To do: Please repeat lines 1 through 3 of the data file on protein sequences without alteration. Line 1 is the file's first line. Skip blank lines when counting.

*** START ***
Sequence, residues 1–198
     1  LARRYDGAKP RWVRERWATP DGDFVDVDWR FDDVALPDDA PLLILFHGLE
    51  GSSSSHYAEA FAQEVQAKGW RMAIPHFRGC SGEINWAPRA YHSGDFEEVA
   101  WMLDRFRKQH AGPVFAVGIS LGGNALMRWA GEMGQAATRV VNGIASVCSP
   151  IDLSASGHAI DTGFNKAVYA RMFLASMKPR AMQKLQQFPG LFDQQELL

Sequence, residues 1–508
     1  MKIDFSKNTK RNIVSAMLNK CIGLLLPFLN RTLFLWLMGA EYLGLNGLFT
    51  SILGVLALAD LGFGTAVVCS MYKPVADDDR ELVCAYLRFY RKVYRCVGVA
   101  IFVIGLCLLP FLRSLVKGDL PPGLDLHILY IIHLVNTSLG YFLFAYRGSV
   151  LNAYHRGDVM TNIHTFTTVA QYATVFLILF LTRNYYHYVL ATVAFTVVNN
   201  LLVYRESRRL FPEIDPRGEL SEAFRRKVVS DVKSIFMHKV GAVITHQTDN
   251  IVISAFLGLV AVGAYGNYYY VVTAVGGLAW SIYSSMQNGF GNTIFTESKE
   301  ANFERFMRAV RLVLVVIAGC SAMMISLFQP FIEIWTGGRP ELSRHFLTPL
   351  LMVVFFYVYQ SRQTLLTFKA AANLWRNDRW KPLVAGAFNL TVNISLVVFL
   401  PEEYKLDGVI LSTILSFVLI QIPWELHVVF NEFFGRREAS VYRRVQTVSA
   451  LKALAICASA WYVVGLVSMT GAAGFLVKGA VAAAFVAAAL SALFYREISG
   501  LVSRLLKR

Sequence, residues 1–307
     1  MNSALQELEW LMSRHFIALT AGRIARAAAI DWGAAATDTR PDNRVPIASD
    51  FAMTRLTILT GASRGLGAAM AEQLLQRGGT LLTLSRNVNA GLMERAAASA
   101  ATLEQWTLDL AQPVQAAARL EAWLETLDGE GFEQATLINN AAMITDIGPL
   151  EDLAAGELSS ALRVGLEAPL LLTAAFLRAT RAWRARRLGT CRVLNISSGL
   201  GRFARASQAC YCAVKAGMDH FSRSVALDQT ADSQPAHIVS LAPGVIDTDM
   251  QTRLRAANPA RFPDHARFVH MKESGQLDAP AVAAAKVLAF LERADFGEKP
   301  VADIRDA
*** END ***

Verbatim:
Sequence, residues 1–198
     1  LARRYDGAKP RWVRERWATP DGDFVDVDWR FDDVALPDDA PLLILFHGLE
    51  GSSSSHYAEA FAQEVQAKGW RMAIPHFRGC SGEINWAPRA YHSGDFEEVA